During his first seven months in office, District Attorney Christian Champagne has made it a priority to take more cases to trial – making good on a campaign promise to give the community a greater role in the judicial process.
“We’ve made a concentrated effort to do more trial work, and it’s really showing in the numbers,” Champagne said.
During the last four months, May 1 through Aug. 31, the 6th Judicial District Attorney’s Office has tried 17 cases, obtaining guilty verdicts in 15 cases and not guilty verdicts in two cases. (Some of the “guilty” cases included mixed rulings, meaning jurors found defendants guilty on some charges but not all charges.) By comparison, the previous administration, overseen by former District Attorney Todd Risberg, took five cases to trial during the same time period in 2016.
“Doing more trial work really puts justice in the hands of the community,” Champagne said. “That was really important for me when I talked to the community as a candidate – that we have more direct interaction with our community and get their feedback so we can improve what we do and how we work for our community.”
Champagne, a Democrat, was elected in November to a four-year term. He didn’t officially take office until mid-January. It took him a couple of months to implement changes, including setting more cases for trial, he said. The spike in trials materialized in May, he said.
Criminal trials give jurors an up-close view of the judicial process, including how police, lawyers and judges operate, Champagne said. After hearing all the facts, jurors decide what justice should look like for any given case.
The entire process improves the justice system, he said. Police learn to build stronger cases, lawyers learn to become better advocates for victims or defendants and the community becomes more connected and informed about the judicial process, he said. It also improves overall transparency of the judicial system, he said.
“It really does put justice in the hands of the community members and allows them to tell us what we’re doing well and what we’re not,” Champagne said. “... Transparency is really critical behind this.”
The District Attorney’s Office offers similar plea agreements as when Risberg was in office, but it’s less likely to offer favorable plea agreements immediately before the start of trials, he said.
Champagne’s office is not focused on particular crimes to take to trial; rather, the cases are a range, including drug cases, motor vehicle theft, felony menacing, vehicular assault, fraud, resisting arrest, stalking, domestic violence and others.
“We don’t ever bring cases into the criminal justice system that we don’t think we can prove beyond a reasonable doubt,” Champagne said.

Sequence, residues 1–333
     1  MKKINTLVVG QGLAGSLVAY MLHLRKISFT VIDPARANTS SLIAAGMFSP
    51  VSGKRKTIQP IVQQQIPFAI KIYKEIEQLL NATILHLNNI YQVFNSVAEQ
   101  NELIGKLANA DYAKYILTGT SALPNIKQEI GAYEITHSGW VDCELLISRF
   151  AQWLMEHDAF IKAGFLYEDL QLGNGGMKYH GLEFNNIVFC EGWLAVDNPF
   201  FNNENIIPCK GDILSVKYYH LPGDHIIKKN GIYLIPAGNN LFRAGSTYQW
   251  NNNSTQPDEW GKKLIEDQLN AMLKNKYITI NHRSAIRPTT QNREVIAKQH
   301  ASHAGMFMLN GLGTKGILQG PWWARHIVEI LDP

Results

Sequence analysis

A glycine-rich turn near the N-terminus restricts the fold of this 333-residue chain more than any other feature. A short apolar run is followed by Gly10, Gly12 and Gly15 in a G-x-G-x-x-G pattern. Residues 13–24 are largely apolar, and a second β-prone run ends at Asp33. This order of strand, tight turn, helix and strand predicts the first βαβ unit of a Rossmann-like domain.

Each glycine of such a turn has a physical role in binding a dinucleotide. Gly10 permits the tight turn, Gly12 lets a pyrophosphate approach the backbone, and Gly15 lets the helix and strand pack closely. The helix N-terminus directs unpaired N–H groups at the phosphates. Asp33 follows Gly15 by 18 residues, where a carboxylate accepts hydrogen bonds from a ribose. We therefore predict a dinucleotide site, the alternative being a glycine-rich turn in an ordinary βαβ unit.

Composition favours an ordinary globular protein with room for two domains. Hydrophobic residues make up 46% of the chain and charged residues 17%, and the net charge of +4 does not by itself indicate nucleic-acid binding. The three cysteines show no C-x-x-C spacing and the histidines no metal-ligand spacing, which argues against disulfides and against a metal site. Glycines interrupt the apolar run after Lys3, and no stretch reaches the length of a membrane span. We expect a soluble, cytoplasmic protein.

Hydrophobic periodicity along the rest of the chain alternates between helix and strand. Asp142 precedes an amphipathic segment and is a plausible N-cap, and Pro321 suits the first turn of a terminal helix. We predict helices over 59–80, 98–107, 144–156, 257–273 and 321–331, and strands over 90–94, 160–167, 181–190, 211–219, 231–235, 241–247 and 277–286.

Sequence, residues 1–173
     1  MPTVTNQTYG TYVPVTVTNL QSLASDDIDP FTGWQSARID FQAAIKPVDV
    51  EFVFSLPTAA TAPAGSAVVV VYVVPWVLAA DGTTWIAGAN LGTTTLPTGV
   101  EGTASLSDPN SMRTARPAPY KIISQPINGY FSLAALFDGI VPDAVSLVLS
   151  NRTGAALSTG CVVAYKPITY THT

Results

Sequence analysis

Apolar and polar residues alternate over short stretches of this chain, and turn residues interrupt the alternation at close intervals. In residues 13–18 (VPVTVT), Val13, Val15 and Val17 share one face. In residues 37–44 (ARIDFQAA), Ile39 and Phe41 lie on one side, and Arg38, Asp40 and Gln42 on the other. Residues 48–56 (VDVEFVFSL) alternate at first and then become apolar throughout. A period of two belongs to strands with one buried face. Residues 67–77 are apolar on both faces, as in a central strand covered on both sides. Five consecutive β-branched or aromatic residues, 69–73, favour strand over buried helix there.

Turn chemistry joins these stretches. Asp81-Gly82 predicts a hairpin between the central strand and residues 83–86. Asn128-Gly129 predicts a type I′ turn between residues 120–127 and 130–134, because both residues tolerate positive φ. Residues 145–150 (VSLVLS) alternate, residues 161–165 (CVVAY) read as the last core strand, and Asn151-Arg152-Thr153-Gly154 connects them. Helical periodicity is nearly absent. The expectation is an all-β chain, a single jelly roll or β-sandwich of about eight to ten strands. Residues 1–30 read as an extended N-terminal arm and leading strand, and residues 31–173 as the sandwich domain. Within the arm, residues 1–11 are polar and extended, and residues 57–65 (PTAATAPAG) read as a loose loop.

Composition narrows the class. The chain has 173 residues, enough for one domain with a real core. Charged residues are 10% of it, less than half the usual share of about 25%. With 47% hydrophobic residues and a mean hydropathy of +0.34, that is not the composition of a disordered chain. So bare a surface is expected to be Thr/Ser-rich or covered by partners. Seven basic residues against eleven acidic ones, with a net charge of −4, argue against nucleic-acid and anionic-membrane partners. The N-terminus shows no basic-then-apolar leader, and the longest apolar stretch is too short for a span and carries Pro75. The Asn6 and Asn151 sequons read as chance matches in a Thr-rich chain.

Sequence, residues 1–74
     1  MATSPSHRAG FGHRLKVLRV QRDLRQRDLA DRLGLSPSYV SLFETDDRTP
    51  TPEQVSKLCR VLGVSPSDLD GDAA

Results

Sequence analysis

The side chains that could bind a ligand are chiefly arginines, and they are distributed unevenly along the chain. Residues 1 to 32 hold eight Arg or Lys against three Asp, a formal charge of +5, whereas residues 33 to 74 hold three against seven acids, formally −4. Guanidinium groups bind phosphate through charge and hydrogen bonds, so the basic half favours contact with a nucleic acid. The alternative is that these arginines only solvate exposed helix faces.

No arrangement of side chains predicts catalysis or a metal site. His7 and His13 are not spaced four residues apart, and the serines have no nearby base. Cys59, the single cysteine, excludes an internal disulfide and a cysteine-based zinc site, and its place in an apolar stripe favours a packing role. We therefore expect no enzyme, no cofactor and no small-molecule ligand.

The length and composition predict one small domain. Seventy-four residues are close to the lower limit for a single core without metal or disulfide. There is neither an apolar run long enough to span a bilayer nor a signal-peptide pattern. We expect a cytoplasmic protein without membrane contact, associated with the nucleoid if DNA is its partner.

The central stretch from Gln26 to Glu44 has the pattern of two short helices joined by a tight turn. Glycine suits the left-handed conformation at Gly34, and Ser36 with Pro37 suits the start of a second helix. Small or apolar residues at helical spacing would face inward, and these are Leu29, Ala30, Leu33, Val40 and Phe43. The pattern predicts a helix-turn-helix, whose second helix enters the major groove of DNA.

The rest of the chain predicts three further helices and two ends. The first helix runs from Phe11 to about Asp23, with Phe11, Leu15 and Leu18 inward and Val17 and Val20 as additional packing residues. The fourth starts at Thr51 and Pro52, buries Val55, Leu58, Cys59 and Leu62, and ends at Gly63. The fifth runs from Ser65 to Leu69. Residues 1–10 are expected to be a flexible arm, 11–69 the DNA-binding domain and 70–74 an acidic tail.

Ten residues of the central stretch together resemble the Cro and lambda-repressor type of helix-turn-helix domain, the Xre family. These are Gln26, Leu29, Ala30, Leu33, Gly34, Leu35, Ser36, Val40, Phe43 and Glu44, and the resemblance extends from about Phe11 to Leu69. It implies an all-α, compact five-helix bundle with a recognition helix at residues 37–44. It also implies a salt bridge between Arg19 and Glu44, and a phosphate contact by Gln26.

About two-thirds of the 17 trial cases were adjudicated in county court, meaning they were lower-level crimes, and about a third were tried in district court, meaning they were felony-level crimes.
Jury trials can be time-consuming. For that reason, the District Attorney’s Office shifted a full-time position away from its investigation unit and added a full-time attorney to its county court division.
Justin Bogan, head of the public defender’s office in Durango, said he has not paid attention to the District Attorney’s Office’s trial numbers since Champagne took charge. Public defenders must evaluate the risks of trial versus a potential resolution through a plea agreement. They must then consult with clients to let them make the ultimate decision, he said.
If there is an increase in cases going to trial, it’s not necessarily a “good thing” for the community, Bogan said. In the last eight months, juries have acquitted some defendants of the most serious charges and others of all the charges, he said. Unnecessary trials increase workload for the courts and put victims, witnesses and clients through a process that could have been avoided, he said.
Retired public defense lawyer Stephen Wells said he doesn’t see anything unusual with Champagne’s decision to try more cases. It’s important to maintain a balance between trying too few cases and taking too many cases to trial, he said. If anything, the pendulum swung pretty far in the direction of trying too few cases, he said.
“There are prosecutors who have that particular bent,” Wells said.
Wells, who retired this year after practicing criminal law for 33 years, said there is heightened contention between prosecutors and defense lawyers right now in Durango. That might be because there are so many criminal defense lawyers who are prepared to take cases to trial on behalf of their clients, he said.
Champagne said taking more cases to trial is just one of the things his office is doing. He is also building diversion and restorative justice programs.
Restorative justice aims to resolve cases outside the courtroom. Offenders may meet with victims, offer an apology, pay to repair any damage caused and do something that shows goodwill on the part of the offender. Victims have a chance to confront the offender, explain how the crime impacted them and be involved in shaping an appropriate punishment.
Diversion programs also aim to keep low-level criminal cases out of the courtroom. Defendants agree to participate in counseling, therapy, anger-management or domestic-violence classes. If they successfully complete the requirements, they are spared a criminal conviction.
“It’s not just this push to do more trial work,” Champagne said of his tenure.
Doing more trial work has nothing to do with being harsher or wanting to speed up the judicial process, he said.
“What we are trying to say, though, is we’re willing to go to trial, and we’re not scared of the trial process,” he said. “And whatever the outcome is, is fine. We have to trust that the process works.”